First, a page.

It cost £155,000, but only 4% of the public even knew the student protest DEMO2012 was happening. In the end, it made the National Union of Students (NUS) “less credible” and failed to “achieve any national policy change.”
This is the damning conclusion provided in the NUS evaluation into their own student demonstration, in which around 5,000 protesters – one tenth of the 2010 turn out – arrived in London to fight against fees and cuts last November.
The NUS evaluation was released following feedback from over 1,000 students, exec officers, Students’ Union staff, and members of the general public.
In a series of embarrassing conclusions, it admitted to generating only “small” and “limited” media coverage that focused less on the issues and more on the contentious planned route to Kennington Park, which at the time led to the chant: “NUS, shame on you, where the fuck have you brought us to?”
Students angered by the choice of venue will be shocked to hear that the use of Kennington Park cost £5,738.
So disillusioned were the protesters with their own union that NUS President Liam Burns was egged off stage and forced to retreat to LSE Students’ Union.
Despite the enormous energy put in by Students’ Unions – including our own – only 16% of the student population had heard of DEMO2012 before it took place.
Fewer than 10% of Students’ Unions felt it was easy to promote the event to students, with feedback suggesting it was “really hard to sell” and “difficult to tell students the reason for marching.”
But despite this lack of widespread interest, NUS still forked out large sums to support the action.
Over £8,000 was spent on banners and placards, while steward staff time totalled a whopping £24,000. Rally/march costs came to £18,000 and ‘legal and professional fees’ added up to £6,000.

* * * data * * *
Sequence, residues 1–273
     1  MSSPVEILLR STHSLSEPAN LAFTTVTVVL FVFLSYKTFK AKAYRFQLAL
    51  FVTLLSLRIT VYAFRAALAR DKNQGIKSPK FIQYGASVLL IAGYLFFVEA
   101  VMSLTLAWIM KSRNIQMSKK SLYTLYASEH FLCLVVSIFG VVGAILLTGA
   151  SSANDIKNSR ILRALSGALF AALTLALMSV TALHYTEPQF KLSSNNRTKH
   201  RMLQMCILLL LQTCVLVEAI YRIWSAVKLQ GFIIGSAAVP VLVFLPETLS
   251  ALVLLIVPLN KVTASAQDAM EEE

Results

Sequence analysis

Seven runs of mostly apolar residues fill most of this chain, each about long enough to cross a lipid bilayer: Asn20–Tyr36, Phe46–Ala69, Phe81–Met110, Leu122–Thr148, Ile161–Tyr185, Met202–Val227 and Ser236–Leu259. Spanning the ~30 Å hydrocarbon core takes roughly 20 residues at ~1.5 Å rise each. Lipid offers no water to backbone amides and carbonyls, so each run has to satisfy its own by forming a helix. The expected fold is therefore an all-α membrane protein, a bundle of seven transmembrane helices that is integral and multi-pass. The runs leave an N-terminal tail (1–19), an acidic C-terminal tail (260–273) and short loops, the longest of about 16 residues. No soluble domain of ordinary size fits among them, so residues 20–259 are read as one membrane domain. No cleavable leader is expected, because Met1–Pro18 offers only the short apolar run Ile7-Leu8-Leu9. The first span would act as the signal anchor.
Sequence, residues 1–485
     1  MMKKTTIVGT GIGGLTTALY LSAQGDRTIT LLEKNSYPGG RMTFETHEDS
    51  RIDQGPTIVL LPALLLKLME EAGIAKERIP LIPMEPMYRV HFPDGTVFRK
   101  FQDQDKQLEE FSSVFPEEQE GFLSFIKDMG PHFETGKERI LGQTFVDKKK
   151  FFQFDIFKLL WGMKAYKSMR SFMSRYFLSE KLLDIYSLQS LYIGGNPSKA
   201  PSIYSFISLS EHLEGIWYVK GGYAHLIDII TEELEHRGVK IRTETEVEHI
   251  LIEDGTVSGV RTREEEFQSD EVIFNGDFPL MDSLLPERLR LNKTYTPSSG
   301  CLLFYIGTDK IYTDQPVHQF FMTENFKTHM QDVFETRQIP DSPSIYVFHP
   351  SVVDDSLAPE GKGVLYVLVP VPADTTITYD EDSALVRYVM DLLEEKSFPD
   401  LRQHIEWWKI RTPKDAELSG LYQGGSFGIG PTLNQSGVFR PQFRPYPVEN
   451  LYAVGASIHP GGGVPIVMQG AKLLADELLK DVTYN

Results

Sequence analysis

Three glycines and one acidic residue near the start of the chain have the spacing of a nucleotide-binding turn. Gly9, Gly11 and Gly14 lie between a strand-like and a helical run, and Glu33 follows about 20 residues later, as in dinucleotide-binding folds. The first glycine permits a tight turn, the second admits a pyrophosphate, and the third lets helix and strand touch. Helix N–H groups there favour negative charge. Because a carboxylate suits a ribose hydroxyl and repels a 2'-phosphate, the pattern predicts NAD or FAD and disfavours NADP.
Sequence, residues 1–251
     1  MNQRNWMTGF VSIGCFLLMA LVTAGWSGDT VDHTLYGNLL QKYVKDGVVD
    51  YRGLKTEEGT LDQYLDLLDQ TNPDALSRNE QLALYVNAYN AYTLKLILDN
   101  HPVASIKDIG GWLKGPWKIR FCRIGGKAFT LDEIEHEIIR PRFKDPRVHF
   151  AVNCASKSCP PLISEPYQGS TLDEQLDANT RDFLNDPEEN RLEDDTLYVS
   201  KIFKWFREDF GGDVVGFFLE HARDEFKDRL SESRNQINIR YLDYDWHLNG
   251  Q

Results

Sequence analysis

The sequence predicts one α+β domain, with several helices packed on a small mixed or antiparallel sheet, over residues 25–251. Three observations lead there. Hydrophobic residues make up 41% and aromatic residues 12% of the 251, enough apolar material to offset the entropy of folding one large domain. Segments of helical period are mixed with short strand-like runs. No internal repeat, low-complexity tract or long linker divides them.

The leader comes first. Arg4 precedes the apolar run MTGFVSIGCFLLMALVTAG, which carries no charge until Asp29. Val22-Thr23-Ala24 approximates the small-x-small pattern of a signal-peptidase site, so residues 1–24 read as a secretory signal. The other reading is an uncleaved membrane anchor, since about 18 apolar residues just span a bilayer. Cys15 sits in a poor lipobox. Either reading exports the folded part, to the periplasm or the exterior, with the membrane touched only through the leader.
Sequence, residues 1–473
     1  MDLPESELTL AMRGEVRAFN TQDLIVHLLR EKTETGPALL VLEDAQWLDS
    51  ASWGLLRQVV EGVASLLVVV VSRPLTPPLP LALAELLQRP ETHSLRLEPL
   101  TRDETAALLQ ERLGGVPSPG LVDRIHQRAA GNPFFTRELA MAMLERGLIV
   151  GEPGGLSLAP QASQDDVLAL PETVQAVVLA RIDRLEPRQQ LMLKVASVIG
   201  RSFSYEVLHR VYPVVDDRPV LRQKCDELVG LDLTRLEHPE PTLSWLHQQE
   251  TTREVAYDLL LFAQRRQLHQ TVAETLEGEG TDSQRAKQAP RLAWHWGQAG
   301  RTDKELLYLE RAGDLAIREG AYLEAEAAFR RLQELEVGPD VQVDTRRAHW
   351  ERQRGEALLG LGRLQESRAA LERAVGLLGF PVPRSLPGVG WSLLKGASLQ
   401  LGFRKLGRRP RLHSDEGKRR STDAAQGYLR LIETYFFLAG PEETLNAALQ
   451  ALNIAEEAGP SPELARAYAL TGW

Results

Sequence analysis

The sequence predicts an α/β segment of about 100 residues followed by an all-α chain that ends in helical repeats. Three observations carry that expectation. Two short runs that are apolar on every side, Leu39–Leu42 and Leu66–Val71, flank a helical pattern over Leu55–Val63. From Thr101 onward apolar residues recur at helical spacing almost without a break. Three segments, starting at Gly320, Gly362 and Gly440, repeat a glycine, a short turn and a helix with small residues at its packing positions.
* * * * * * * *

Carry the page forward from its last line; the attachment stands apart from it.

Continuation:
The costs do not include the money individual Students’ Unions spent promoting and supporting the demo.
Manchester University’s Education Officer Luke Newton alluded to this, tweeting: “If you add up how much unions spent it’s probably a heck of a lot more then that!”
The message ‘Educate, Employ, Empower’ was kept deliberately broad to accommodate for different issues and encourage unions to use the demo as a catalyst for local campaigning activity. While in some cases this occurred, the summary admits the unions’ campaigns “would have happened anyway.”
The key point stressed in feedback was that the demonstration lacked any clear mission and fought no obvious policy.
The result was a vague campaign which, according to one survey response, had a “more negative effect than positive message.”
Responses further complained there was “no ‘tangible’ outcome.” Another added that because there were so many agendas, which ranged from anti-cuts messages to calls for peace in the Middle East, students got “slightly lost in the message of the day and what we were for.”
NUS acknowledged this in their conclusion, admitting they need to “practice what they preach” when it comes to “effective campaigning.”
In the NUS Demo2012 review based on the evaluation, they admit: “The impact of the demo on NUS appears to be limited to an audience whose engagement with NUS was high anyway.”
There were few positives to take from the evaluation, although the Twitter account @nusuk did gain 340 followers, while #demo2012 tweets reached an estimated audience of 2 million.
But since this evaluation, most #demo2012 tweets have been negative.
19 year old University of York student Shakti Shah wrote: “What did the NUS expect? #demo2012 had a terrible route, a terrible slogan, and was generally poor in comparison to actions in 2010.”
Zahid Raja, Swansea Students’ Union Education Officer, said: “The evaluation of #demo2012 is actually hilarious.”
As for our own Students ’ Union executive, who at the time publicly supported DEMO2012, only Education Officer Luke Newton has spoken out on Twitter, calling for “Delegates at #nusnc13” to “vote against #demo2013.”
Last year’s event was organised in response to a National Conference mandate in 2012.
Should Demo2013 go ahead, the NUS are likely to have similar problems recruiting protesters as following DEMO2012, the number of students saying they attend demonstrations on student issues fell from 16% to 7%.